DACC’s Tucky plans future in conservation
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It was during summers growing up in Delaware that Hannah Tucky would go each day to the zoo with her family and come to love all the animals — especially the gorillas.
And it is this love of animals that has determined her plans for the future. Attending Zoo School through the Delaware Area Career Center, the senior has plans to work with endangered animals in her future.
“I’m thinking the great apes, primatology,” she said, admitting it is still early to make a final decision. But she does know that she wants to work in the field with either biology or zoology and travel to different countries. She is considering programs at Otterbein, Kent State, Wright State or Ohio State universities to study zoology, biology or environmental science.
Right now as a senior the one thing she looks forward to is writing her thesis. “Most kids don’t say that,” she said, adding she is excited to do the work.
Last year in Zoo School, her study was on the aggression of lorikeets, checking the sound levels within the enclosure for the parrots. This year she is doing a study on the apes, specifically Annaka’s group. The silverback has had a heart monitor inserted, and so Hannah is collecting data by observation to compare with the data in the chip.
Attending classes both at the zoo and then back at her home school at Hayes High School, Hannah said she does a lot of balancing, sometimes not sleeping.
“But when you see what you get out of it, it’s totally worth it,” she said.
Besides school, Hannah plays softball. Playing since age 4, she plays the sport year round.
“It’s really a lot of fun,” she said, noting she has friends from all over the state.
Yet even with the long history with the sport, she said once in college she plans to focus on her studies and maybe only play club ball.
Among other activities that keep Hannah busy are her volunteer efforts through her church for People In Need, working at various soup kitchens and working with the Run the Race Club for underprivileged youth in inner city Columbus.
Sarah Ressler is an English teacher at Hayes who says that Hannah has been “a wonderful student” to have in her classes.
“Both as a sophomore in humanities and now as a senior in AP literature, Hannah’s insights in class discussions and cheerful demeanor regarding literature and analysis makes her a joy to teach,” Ressler said. “Hannah is always willing to tutor fellow students and remains passionate about her zoo school program. I’m incredibly impressed with her dedication to her work and her positive attitude — she is a great artist, intelligent student and cheerful friend.”
Jordan Blackburn is a social studies teacher at Hayes. He said that Hannah is “intelligent, thoughtful and driven. She finds a way to make things work. She doesn’t whine or complain when things don’t go her way, she buckles down and makes ‘IT’ happen. She balances an extremely difficult schedule at Hayes, while taking several courses on zoology at the Columbus Zoo, and is also involved in several extracurricular activities.”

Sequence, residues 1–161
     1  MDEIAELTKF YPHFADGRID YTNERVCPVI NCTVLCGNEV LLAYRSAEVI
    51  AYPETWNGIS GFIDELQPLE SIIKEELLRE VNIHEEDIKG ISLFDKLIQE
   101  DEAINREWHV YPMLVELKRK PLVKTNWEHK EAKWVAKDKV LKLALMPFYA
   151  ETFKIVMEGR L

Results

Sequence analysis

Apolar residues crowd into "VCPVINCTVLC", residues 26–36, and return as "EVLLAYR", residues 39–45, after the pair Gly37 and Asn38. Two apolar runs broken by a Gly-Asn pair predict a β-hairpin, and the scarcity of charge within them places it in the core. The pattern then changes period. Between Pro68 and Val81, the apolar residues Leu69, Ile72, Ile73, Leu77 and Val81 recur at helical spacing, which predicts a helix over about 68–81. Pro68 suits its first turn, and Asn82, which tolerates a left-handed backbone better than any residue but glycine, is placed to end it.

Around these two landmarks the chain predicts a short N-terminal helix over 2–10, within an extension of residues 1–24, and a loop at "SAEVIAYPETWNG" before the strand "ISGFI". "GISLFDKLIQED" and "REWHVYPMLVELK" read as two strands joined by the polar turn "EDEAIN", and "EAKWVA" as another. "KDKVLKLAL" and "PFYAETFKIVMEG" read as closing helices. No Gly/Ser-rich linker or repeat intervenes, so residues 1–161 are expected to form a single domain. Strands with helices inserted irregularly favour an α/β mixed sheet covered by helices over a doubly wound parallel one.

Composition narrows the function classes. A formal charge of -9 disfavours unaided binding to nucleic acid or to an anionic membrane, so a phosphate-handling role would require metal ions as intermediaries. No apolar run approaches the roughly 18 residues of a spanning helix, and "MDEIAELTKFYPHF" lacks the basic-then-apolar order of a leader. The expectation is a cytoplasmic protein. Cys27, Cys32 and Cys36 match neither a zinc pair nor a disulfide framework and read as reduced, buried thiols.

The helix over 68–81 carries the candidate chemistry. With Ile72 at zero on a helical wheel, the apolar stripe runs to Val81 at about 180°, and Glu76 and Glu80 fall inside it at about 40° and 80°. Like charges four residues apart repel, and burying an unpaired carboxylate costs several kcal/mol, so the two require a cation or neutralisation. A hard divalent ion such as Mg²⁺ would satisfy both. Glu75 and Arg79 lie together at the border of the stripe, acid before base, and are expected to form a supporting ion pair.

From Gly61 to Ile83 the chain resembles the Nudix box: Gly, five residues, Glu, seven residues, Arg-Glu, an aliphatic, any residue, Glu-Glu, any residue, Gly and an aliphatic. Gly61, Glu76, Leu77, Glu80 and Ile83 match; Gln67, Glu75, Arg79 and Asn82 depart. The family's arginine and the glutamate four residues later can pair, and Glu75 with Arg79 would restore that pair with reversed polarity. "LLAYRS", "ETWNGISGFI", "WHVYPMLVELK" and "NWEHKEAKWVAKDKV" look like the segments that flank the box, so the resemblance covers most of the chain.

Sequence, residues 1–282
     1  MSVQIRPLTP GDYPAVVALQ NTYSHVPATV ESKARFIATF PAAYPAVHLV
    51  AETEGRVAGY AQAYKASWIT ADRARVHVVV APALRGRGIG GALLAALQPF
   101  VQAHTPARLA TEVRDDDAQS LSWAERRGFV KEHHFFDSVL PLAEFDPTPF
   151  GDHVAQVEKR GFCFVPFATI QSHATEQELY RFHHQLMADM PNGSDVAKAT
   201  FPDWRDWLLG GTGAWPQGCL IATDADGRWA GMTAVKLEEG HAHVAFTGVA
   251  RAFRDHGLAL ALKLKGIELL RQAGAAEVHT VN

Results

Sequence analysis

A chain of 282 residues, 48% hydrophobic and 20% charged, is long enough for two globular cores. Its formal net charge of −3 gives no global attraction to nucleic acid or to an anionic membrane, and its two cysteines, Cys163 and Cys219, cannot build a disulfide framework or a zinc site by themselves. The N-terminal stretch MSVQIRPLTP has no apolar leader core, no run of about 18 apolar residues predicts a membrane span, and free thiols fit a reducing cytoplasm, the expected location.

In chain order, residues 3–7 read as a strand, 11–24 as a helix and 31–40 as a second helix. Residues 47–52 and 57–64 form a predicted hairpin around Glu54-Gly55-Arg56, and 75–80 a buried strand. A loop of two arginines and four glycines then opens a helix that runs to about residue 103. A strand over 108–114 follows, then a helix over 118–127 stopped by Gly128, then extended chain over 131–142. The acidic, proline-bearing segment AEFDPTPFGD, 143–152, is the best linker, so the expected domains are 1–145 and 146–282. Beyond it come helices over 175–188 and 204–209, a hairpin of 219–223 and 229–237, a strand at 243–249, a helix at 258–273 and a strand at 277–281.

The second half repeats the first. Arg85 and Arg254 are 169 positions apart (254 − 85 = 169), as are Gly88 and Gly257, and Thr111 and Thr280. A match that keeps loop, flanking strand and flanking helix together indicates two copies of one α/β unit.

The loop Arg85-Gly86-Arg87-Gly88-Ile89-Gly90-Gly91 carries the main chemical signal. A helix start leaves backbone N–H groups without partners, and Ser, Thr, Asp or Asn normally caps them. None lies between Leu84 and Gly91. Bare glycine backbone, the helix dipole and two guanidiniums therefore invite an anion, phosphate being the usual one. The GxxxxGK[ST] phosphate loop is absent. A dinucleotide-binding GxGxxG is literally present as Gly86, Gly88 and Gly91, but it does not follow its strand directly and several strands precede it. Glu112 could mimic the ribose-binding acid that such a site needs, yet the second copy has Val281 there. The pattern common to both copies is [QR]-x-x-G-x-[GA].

Blackburn said that “a lot of what we accomplish in life has to do with the expectations we set before hand, combined with what we do when we encounter setbacks. (Hannah’s) toughness is something I’ve always admired because she never quits on herself, or lets thoughts of becoming overwhelmed with life’s challenges enter her mind.”
He added that Hannah’s integrity and her work ethic set her apart.
“She’s different than most and therefore she will accomplish quite a bit over the course of her life,” he said.
Blackburn said, “We have more kids who have been pushed hard by parents in all aspects of life from the time they were born to when they get into high school now. Hannah is the type of kid produced through an environment where discipline, high standards and an understanding that the parents are in charge, exists. It’s exciting that a young lady like her ‘wins’ awards like this, because she lives success each day. It’s encouraging that the percentage of kids each year entering our high school who have high standards and are equipped with the tools to excel, is increasing. This makes teaching more fun.”
On being a senior, Hannah said, “It’s so weird. I still hang with the same friends I have had since preschool, yet not knowing where we will be in the future.” She added it was a bit bittersweet to leave behind her friends, yet she realized the opportunities for her future are ahead of her.
For now, she is just hoping to spend time together before they all go off their separate ways.
“I’m excited,” she said of the prospects. Hannah had the following advice for underclassmen.
“Don’t change who you are for school or friends. I should have been more myself my freshman year.” She went on to explain that she was quiet when she first came to Hayes from St. Mary’s. “I wish I had been more out of my shell.”
Hannah is the daughter of Todd and Mimi Tucky of Delaware.